As the presidential election marathon breaks into a final sprint, the Trump campaign faces a jaw-dropping gap in the ground game: Hillary Clinton currently has more than three times the number of campaign offices in critical states than does Donald Trump.
The contrast is a test for the conventional campaign model and points to the candidates’ stark differences in methods. Clinton is cleaving to the data-driven, on-the-ground machine that won two elections for Barack Obama. Trump, on the other hand, insists he does not need traditional campaign tactics to win the election, pointing to his overwhelming nomination victory achieved with a relatively small team and little spending.
Nevertheless, the ground game is poised to be critical in 2016. Undecided voters are becoming scarce, and targeted turnout may be the deciding factor on Nov. 8. That usually requires field offices with phone banks, organized volunteers and a coordinated effort to knock on doors and get people to the polls.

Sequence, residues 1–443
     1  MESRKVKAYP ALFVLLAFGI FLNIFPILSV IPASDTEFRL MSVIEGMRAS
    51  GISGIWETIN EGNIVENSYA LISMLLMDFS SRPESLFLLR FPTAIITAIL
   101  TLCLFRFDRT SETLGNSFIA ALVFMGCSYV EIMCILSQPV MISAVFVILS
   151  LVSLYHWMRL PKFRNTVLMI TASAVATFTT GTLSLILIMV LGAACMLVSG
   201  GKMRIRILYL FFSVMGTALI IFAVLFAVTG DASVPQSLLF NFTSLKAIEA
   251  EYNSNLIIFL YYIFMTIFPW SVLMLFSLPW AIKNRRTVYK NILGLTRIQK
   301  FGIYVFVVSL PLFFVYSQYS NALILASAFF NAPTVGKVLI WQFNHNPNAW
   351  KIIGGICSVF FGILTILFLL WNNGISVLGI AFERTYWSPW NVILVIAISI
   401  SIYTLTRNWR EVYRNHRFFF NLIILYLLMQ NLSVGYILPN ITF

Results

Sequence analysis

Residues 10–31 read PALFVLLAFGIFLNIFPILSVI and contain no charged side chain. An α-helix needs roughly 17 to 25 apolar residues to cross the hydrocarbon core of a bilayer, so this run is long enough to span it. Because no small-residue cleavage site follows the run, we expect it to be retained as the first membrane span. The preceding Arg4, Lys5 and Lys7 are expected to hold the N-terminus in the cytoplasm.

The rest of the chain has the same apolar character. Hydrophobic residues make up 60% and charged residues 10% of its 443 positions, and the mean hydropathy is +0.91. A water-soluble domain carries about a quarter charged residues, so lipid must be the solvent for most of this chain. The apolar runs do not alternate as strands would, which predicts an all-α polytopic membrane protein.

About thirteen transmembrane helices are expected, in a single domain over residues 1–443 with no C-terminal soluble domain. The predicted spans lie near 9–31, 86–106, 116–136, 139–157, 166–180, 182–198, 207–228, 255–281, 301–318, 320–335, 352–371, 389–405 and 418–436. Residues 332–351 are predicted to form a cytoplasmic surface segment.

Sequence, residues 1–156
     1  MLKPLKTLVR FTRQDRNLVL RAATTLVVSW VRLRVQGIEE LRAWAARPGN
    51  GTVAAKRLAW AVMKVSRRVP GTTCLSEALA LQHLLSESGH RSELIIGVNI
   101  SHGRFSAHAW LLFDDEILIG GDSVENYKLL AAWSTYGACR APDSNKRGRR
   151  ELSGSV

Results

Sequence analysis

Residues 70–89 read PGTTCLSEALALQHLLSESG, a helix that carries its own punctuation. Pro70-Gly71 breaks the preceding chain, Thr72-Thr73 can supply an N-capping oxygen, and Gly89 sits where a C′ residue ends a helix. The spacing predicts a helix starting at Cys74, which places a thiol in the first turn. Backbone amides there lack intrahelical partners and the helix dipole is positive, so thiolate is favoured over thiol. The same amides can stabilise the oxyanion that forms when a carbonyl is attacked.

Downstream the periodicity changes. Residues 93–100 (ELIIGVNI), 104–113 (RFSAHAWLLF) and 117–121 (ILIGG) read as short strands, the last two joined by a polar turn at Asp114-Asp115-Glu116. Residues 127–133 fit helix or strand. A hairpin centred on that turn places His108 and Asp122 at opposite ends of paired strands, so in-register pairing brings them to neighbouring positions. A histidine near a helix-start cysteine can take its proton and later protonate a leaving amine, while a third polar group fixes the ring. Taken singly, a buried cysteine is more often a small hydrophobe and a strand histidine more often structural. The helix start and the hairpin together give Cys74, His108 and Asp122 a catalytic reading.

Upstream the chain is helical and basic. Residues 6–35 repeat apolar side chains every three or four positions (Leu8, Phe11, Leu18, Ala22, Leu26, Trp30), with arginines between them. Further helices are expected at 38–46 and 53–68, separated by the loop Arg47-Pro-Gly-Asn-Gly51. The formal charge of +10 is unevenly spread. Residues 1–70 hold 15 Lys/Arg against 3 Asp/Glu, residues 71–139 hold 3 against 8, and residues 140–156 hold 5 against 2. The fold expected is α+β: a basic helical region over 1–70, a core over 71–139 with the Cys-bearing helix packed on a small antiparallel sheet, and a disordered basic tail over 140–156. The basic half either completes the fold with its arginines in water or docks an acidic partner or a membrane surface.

Take three make-or-break states. Pennsylvania has two Trump offices right now. North Carolina, one. Florida, the biggest swing state prize, also has just one – Trump’s Sarasota headquarters.
Those four Trump offices cover 165,000 square miles of critical election territory. Clinton has 100 offices in the same space.
With enough ground game, you can get Americans to elect a ham sandwich.